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Dagger-Blade (ge)

CC0 Public Domain Designation

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Date:

Shang dynasty (c. 1600–1046 BC)

Artist:

China

About this artwork

The earliest archaeological finds of silk in China comprise very small fragments of fabric that are datable to the 4th and 3rd millennia B.C. Silks with woven patterns are rarely preserved but can be documented about one thousand years later, primarily through ghost-like imprints on jade implements as well as bronze vessels and weapons. Before burial, these prestigious ceremonial objects were evidently wrapped in fragile but fugitive silk fabrics.

Preserved near the edge of this jade blade is a three-dimensional pseudomorph (“false form”) of a squared, tightly woven pattern, whose organic material has completely disintegrated and been replaced by minerals that duplicate the original textile structure. Under high magnification, this pattern displays a slight “Z” twist in the original filament thread, as characteristic of reeled silk that is simply woven (“plain weave.”).

Such indirect but clearly preserved evidence of Shang dynasty silk is extraordinarily rare. The collective expertise of the Art Institute’s conservation scientists and scholars of Chinese textile history and technology have facilitated the identification of the material seen here.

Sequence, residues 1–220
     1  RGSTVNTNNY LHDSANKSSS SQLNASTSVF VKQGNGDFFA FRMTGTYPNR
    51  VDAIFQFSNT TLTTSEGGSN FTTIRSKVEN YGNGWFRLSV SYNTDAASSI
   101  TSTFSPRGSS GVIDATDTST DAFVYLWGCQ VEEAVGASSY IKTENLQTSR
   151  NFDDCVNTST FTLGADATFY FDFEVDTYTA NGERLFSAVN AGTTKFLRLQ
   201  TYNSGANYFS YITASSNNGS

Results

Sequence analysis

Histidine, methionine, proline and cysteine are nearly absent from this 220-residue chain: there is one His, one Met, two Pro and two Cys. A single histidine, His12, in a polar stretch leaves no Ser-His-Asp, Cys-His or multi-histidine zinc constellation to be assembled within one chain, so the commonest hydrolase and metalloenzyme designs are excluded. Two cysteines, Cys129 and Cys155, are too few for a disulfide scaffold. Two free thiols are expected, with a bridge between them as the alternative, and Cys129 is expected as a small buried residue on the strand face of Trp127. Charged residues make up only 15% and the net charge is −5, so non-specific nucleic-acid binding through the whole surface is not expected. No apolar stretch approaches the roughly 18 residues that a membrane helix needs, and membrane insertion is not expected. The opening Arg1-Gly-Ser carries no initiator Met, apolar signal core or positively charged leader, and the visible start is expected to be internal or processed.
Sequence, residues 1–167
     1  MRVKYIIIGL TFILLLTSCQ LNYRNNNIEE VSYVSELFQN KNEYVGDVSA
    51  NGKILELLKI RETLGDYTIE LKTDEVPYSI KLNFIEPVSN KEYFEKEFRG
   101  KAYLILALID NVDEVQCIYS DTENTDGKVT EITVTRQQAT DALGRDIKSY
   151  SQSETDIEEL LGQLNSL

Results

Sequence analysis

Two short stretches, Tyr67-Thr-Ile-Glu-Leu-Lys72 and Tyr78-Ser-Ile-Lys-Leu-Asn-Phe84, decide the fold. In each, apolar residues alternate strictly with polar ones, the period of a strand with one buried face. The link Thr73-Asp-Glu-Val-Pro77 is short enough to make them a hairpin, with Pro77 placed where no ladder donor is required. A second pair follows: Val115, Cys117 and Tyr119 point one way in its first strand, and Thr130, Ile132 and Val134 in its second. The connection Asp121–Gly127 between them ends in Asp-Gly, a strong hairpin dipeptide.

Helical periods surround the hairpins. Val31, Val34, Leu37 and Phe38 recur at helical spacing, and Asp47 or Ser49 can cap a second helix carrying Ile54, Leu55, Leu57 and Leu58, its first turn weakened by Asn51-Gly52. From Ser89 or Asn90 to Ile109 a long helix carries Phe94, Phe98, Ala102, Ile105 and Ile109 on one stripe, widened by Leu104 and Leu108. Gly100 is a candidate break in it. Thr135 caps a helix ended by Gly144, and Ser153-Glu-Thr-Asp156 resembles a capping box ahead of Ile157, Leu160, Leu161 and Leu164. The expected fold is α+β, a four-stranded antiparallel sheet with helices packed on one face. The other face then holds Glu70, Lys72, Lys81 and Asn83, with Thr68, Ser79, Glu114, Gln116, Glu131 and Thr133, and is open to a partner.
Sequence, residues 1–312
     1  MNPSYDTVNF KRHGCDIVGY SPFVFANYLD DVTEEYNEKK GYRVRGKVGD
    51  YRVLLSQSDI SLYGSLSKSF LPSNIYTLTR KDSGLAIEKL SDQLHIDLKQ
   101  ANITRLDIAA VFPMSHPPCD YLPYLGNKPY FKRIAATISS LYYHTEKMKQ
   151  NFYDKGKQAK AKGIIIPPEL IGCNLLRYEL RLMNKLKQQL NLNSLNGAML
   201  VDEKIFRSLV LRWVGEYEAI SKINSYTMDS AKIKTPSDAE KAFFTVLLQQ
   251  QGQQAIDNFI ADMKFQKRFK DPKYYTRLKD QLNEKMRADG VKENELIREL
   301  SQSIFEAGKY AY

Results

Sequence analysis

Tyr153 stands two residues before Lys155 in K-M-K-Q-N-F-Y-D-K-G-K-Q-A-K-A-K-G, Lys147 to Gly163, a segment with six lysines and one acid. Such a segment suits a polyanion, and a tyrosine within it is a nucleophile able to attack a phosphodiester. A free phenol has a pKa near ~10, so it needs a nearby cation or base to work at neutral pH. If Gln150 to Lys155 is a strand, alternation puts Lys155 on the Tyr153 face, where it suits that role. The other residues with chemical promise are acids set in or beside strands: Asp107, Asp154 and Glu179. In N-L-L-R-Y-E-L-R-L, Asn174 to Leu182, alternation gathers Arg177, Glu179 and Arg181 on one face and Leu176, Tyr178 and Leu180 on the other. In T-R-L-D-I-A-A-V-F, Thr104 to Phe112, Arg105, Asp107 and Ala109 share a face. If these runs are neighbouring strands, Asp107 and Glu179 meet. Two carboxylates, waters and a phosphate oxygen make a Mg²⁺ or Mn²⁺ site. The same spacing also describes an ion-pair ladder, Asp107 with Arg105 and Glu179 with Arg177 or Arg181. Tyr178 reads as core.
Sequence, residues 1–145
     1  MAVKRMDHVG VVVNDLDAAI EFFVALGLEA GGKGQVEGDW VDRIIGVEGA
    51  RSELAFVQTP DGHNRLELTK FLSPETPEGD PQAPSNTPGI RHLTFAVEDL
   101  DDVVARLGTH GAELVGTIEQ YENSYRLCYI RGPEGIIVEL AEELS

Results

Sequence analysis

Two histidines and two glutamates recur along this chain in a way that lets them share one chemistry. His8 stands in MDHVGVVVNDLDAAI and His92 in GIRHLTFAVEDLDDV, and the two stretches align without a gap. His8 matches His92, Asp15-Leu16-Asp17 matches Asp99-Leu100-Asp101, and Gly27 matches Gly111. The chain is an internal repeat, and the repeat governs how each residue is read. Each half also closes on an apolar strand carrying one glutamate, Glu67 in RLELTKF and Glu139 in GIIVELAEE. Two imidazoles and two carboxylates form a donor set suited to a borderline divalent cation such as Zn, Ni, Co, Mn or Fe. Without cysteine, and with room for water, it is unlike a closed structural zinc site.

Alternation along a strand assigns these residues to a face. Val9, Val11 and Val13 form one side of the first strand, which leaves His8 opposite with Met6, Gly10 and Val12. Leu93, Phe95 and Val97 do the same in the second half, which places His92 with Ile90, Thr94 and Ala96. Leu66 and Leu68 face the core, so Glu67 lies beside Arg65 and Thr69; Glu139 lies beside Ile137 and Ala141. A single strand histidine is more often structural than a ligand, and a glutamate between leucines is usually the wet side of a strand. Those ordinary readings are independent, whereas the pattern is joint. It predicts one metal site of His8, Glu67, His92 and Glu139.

Status

On View, Gallery 131

Department

Arts of Asia

Title

Dagger-Blade (ge)

Place

China (Artist's nationality:)

Date  Dates are not always precisely known, but the Art Institute strives to present this information as consistently and legibly as possible. Dates may be represented as a range that spans decades, centuries, dynasties, or periods and may include qualifiers such as c. (circa) or BCE.

1300 BCE–1000 BCE

Medium

Jade

Dimensions

19.6 × 4.1 × 0.3 cm (7 3/4 × 1 5/8 × 1/8 in.)

Credit Line

Edward and Louise B. Sonnenschein Collection

Reference Number

1950.222

IIIF Manifest  The International Image Interoperability Framework (IIIF) represents a set of open standards that enables rich access to digital media from libraries, archives, museums, and other cultural institutions around the world.

Learn more.

https://api.artic.edu/api/v1/artworks/68715/manifest.json

Extended information about this artwork

Object information is a work in progress and may be updated as new research findings emerge. To help improve this record, please email . Information about image downloads and licensing is available here.

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